China’s effort to gain efficiency in its aquaculture industry aligns with a new Goldman Sachs report suggesting China could drastically reduce its reliance on imported food by increasing the efficiency of its own agricultural production. In the report, “Addressing China Food Security – Revolution of Tradition,” the investment bank projects a sharp reduction in imports if China improves seed production and the efficiency and precision of its farming methods.

Troell said it’s important to understand the existing bottlenecks for animal and aquaculture cultivation, such as any dependency on imported feedstuffs. Wider self-sufficiency measures being implemented across China could impact aquaculture sector, the Goldman report noted. But it found increased seed efficiency, combined with other modernization measures and a reduction of food waste, would significantly reduce China’s heavy reliance on imported soybeans for use in animal feed.

China has embraced precision agricultural techniques like the deployment of drones and GPS-guided planting as well as irrigation, and the Goldman report also predicts a surge in sales of feed additives and in veterinary products to the livestock and aquaculture sectors, partly in response to more-efficient feed consumption on Chinese farms. But the gains in seed production foreseen by Goldman will require an embrace of genetically modified seed, something China has been slow to embrace, in part because it doesn’t control the intellectual property behind such seeds.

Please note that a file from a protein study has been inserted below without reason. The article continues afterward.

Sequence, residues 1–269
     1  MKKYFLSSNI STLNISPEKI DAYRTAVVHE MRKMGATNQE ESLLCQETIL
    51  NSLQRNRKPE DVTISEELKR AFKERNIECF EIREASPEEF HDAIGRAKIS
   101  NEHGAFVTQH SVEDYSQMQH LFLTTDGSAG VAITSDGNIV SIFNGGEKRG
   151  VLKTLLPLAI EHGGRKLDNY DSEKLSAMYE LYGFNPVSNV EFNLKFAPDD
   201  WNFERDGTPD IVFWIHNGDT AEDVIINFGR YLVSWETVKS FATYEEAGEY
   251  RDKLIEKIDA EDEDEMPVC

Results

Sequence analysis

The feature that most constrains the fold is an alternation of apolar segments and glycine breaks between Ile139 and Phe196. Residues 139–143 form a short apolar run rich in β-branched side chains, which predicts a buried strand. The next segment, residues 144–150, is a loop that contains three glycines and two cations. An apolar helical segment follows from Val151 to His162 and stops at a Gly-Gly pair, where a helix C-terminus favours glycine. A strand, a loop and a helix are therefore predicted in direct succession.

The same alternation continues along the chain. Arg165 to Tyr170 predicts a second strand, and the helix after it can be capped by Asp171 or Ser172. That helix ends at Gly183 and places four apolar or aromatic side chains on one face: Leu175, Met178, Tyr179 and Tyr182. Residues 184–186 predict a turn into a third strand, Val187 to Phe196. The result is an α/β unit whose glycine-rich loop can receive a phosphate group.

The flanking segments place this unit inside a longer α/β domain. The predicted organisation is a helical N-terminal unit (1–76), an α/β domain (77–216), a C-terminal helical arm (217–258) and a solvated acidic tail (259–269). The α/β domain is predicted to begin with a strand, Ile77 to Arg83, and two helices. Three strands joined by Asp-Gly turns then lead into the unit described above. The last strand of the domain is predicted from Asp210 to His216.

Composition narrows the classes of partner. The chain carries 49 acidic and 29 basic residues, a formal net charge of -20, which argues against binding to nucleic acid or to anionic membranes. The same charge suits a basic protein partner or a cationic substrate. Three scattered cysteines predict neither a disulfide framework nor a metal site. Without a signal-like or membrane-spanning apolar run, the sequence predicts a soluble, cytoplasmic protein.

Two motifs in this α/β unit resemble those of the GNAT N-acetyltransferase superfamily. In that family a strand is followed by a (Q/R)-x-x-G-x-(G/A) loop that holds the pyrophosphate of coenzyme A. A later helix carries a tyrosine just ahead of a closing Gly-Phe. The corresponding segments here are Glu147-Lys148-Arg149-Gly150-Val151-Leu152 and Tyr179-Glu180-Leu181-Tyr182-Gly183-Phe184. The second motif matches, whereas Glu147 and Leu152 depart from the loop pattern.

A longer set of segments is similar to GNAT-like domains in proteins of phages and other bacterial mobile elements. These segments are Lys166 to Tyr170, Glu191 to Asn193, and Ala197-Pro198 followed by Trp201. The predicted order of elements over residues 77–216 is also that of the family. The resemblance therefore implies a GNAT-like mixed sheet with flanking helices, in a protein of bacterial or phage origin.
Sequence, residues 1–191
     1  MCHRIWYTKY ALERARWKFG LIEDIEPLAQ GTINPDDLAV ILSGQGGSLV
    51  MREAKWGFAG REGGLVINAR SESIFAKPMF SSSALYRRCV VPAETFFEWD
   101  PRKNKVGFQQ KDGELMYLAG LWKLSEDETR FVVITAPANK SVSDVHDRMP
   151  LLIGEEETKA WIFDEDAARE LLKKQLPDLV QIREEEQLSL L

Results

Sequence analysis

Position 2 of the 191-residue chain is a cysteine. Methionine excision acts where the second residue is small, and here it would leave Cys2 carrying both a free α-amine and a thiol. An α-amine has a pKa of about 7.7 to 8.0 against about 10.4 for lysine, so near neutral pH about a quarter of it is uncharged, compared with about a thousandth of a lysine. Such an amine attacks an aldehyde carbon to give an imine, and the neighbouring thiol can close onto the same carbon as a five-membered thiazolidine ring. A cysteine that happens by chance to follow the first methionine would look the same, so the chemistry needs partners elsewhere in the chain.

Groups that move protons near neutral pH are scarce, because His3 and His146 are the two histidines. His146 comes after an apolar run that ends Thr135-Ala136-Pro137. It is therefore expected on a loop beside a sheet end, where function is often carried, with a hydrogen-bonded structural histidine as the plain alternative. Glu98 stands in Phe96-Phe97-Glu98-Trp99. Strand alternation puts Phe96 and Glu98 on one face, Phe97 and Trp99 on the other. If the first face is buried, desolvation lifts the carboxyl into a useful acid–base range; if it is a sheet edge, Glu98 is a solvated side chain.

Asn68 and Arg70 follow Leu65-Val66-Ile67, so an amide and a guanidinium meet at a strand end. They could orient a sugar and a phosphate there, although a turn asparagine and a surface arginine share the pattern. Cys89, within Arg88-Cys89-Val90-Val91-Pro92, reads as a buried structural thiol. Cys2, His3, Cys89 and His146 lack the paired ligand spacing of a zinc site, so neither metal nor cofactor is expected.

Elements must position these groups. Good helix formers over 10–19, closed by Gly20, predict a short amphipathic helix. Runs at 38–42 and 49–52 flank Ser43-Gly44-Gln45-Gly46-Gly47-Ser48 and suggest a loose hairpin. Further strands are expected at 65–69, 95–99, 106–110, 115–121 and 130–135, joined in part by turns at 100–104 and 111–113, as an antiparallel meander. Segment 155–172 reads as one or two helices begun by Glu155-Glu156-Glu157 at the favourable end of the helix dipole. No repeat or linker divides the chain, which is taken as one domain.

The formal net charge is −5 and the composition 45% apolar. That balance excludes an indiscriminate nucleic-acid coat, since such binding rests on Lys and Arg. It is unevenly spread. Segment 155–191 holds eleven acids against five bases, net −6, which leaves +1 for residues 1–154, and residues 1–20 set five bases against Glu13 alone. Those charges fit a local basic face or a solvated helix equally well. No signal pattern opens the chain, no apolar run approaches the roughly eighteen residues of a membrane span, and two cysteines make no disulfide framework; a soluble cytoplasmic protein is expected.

The Goldman report also picks several winners in China’s modernization and efficiency efforts, including aquafeed-maker Guangdong Haid, predicted to be one of the three big players in China’s feed market after further consolidation, and New Hope and Dabeinong, which produce aquafeed but concentrate more on pig feed sales.

It remains to be seen if China’s modernization efforts will bring the cost-competitiveness of its agriculture sector in line with that of international suppliers. Imported grain is cheaper – grain production costs per hectare in China were on a level with those in Brazil and the U.S. in 2007 but are now twice as costly due to a combination of lower yields and more money spent on pesticide and labor as China’s rural population declines.     

China’s crop productivity remains far lower than other major grain-exporting nations. Output per hectare on Chinese corn farms is 40 percent lower than in the U.S., and Chinese pork and poultry production requires up to 26 percent more corn per kilo of meat produced, according to the Goldman report.

Numerous demographic and economic pressures drive China’s quest for efficiency. There has been a dramatic drop in the country’s rural population, from 800 million in 2000 to half that figure in 2022. Yet the average rental cost for rural land has doubled since 2009 as producers have sought to increase their output.

Data published by the China Agricultural Outlook Committee puts average per capita seafood consumption at 106 grams per day, compared to 59 grams a day for the average American. Per capita U.S. beef consumption, at 105 grams, is exactly five times the average Chinese per capita equivalent.

Photo courtesy of Max Troell/Stockholm Reslience Center